A week ago I woke up at 5am on a bus filled with 4th graders and parents in Northern Arizona. I was on a bus because every year the boys’ school has a 4th grader trip to the Grand Canyon, and I was one of the lucky parents to go. I was up at 5 am because Tornado S is a morning person, and unlike his peers, he fell asleep minutes after the bus pulled away from the school at 10 pm the night before.
I tried to doze the last half an hour, wishing for my own bench as Tornado S snuggled next me, watching the forest outside our bus.
At 5:30, we arrived at our destination to watch the sunrise at the Canyon. We were asked to wake our charges and that we could only occupy the hotel lobby bathroom briefly, hinting at better accommodations later. After going on several of these trips, I know this for a lie, so I grabbed my toothbrush, toothpaste, and travel facial pads and hide them in my sweatshirt pocket.
Along with a few other parents, I helped carry the cold breakfast to an outdoor viewing area along the Canyon. A father graciously gave me his box because the last thing was so heavy. As though I didn’t regularly carry an eleven year old over my shoulders. But it was 5:30 in the morning, and I assumed that any biting remark in my head was due to the time.
After waiting in line for the bathroom and modeling to fourth grade girls that they really didn’t need to stand over the sink to brush their hair or their teeth, I met my charges outside. This year they trusted me with three. During Tornado E’s trip, they entrusted me with only two kids. To be fair, one of them was Tornado E, but come on, I know how to deal with more kids. Everyone knows my kids.
Within 5 minutes, I had lost Tornado S. Clearly I was not responsible enough to handle three kids. That was a mistake.
New rule. The three boys would stick together. Always. Don’t look for me. Look for each other. I can find a group of three boys.
I sent the boys to the breakfast line. I stayed in the back, wishing I had remembered my jacket, wishing I hadn’t left my wallet in the bus so I could get hot chocolate, trying not to go to the front of the line and organize the process of getting food. As I waited, I noticed kids with plates piled high with danishes, bagels, breakfast bars. As in, there’s no way an adult would eat that much, much less a skinny 4th grader. Stay calm, Fae; you don’t have to organize everything. Then it got worse.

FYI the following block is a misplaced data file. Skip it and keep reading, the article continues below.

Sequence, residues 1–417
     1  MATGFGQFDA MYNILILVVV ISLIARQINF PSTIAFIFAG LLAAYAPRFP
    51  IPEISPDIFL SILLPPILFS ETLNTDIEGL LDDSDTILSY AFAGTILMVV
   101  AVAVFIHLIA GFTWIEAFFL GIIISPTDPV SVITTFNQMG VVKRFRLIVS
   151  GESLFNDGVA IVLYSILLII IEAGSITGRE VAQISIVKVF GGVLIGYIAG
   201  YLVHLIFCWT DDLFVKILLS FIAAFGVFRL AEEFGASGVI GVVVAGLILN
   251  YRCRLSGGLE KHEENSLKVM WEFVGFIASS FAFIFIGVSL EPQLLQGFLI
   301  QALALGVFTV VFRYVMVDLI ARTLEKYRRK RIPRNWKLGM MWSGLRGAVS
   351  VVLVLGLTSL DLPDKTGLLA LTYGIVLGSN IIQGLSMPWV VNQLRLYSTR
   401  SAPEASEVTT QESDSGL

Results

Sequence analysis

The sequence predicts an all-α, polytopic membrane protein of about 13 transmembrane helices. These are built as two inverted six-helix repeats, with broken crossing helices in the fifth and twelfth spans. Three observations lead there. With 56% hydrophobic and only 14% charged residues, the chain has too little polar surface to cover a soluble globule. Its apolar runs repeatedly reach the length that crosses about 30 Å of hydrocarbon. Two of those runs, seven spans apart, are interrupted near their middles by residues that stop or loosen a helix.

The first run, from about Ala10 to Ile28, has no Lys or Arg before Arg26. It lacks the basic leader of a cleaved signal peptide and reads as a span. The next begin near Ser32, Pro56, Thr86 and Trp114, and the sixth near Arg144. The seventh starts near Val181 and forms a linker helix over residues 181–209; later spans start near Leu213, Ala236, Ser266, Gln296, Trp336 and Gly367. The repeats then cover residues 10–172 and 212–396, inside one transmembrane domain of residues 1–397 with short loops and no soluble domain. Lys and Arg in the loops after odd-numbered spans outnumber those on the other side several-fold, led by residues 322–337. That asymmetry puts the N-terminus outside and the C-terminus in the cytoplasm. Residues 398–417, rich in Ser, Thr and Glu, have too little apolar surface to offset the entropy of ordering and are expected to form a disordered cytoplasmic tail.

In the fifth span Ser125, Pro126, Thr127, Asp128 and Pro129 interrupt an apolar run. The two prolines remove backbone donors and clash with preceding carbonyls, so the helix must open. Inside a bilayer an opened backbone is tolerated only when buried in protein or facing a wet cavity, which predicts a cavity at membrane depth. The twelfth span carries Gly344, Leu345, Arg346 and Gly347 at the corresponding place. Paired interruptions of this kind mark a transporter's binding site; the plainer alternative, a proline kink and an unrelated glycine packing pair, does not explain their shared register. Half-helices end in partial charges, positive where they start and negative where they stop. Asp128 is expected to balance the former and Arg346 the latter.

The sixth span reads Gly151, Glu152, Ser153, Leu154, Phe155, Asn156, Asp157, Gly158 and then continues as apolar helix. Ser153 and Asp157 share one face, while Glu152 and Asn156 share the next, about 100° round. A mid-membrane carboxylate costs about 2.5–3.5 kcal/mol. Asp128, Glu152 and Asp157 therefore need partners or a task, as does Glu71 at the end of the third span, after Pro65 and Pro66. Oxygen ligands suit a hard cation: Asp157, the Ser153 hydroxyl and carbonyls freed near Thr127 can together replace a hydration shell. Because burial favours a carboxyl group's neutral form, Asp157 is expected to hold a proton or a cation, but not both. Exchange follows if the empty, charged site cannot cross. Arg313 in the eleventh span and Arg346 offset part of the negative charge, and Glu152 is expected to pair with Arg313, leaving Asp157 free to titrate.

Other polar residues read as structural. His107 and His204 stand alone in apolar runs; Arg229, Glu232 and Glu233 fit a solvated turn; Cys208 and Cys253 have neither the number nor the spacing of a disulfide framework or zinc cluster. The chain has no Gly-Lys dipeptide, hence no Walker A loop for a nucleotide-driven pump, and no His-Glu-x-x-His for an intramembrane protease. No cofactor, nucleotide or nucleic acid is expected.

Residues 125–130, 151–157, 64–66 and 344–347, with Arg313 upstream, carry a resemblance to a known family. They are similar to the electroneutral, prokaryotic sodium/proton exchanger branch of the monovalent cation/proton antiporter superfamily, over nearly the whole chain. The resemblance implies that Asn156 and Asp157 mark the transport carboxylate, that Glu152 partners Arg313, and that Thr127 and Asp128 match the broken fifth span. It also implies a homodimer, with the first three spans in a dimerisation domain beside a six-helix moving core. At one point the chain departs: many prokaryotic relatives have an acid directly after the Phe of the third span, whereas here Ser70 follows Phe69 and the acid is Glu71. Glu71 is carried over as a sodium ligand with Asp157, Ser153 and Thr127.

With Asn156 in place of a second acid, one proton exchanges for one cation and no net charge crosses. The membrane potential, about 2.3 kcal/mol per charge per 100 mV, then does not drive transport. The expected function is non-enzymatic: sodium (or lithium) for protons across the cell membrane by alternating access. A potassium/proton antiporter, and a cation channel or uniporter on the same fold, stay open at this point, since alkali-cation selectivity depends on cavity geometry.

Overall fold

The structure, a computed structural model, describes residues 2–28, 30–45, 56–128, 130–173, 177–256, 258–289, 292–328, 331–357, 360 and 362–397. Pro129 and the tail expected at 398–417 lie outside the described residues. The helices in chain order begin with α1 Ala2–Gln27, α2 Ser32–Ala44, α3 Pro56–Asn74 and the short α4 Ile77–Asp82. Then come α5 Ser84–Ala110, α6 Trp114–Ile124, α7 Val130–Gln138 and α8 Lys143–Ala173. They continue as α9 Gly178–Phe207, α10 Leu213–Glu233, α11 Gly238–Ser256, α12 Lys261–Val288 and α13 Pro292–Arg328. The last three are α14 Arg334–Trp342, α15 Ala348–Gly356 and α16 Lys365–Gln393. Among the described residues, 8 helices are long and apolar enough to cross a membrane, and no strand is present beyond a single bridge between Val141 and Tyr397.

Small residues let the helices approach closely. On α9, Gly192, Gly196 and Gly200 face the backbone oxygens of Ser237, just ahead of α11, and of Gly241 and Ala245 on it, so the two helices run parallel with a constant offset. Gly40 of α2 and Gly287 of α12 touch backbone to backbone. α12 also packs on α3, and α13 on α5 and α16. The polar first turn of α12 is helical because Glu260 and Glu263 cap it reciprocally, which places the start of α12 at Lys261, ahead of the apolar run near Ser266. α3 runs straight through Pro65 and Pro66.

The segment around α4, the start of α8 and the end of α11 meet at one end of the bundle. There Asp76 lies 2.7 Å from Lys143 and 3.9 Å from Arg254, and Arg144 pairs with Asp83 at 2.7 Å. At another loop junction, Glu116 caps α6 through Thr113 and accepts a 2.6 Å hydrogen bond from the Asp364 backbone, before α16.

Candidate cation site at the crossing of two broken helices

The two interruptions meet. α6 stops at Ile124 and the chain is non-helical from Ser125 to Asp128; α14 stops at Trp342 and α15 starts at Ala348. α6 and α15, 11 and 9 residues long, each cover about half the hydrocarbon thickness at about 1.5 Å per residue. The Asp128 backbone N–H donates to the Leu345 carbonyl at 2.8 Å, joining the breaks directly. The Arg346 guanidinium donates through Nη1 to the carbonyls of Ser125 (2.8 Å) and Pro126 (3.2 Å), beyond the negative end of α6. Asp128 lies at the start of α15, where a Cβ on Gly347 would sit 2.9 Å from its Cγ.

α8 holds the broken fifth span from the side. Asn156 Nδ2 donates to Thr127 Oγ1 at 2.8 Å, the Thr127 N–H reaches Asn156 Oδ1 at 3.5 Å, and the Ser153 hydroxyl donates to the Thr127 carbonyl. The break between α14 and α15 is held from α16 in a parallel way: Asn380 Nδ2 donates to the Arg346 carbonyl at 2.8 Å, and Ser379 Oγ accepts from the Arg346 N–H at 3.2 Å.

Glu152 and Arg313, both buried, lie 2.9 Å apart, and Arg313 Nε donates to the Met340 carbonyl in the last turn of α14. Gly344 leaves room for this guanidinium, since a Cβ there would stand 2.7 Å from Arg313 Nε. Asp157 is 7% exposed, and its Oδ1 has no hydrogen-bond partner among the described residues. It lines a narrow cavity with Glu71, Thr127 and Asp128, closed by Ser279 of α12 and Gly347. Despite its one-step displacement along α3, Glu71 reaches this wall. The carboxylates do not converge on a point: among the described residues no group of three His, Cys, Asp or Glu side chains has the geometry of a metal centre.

A large, fluffy, white thing floated down from the partial cloudy skies. I was seeing things. Then another. Oh, God, no. Then another. I’m totally making this up. Then another. Then another. Then another. It was snowing.
Now I know that what I experienced was not even a dusting, which would make me the world’s largest wimp to many readers. But I’m a desert girl who puts up with hellish heat; I don’t do snow. And it was snowing at 6am, and I was up at 6 am, outside in the snow, with only a t-shirt, long sleeve SPF shirt, and a sweatshirt. I was unhappy.
But then there was the amazing view. And I had chocolate milk. Then 4th graders are hilarious. We had a hike along the Grand Canyon with funny, interesting guides. My boys were fast runners who wanted to lead, so the next hour was alternated between running to stay up with the boys and turning around and telling Tornado S to hurry up. Poor Tornado S. My little tortoise. On every hike, my chant is “Hurry up, Tornado S. Tornado S, get your hat on.” A chant that is taken up by many of the adults. That day was no exception.
Every time the group stopped for the tour guides to talk, I stood in a patch of sunlight, dreaming of the time it would be warm enough to shed some clothes, just like on Tornado E’s trip.
Except it never happened.
It was cold and windy when we left the rim. It was cold and windy when we got into town to watch an IMAX movie of the Grand Canyon. (Comfy chairs plus dark room means I have never seen the whole movie.) It was cold and windy when we got out of the theater. It was cold and windy when we had lunch at the Watch Tower. It was cold and windy when we went to a trading post. It was cold and windy when we went to the Wupatki Ruins. It was cold and windy when we went to Sunset Creator. It was cold and windy when we went to dinner.
The whole state was under a wind advisory that day. And Arizona is a pretty large state.
But hey, the kids had fun. I got a lot of pictures and got to talk to a lot of cool adults and hang out with a lot of cool kids. And I walked over 18,000 steps. That’s more than the SeaWorld trip.
But the most surreal moment was when I heard:
“You look so much like your mom it’s crazy.”
I looked around and realized the girl, surrounded with her little girl pack, was talking to me.
“Oh, she does.” “She does look like her mom”
“Who’s her mom?”
“Tornado S’s grandma! The one teaching us line dancing.”
“OH! She does!”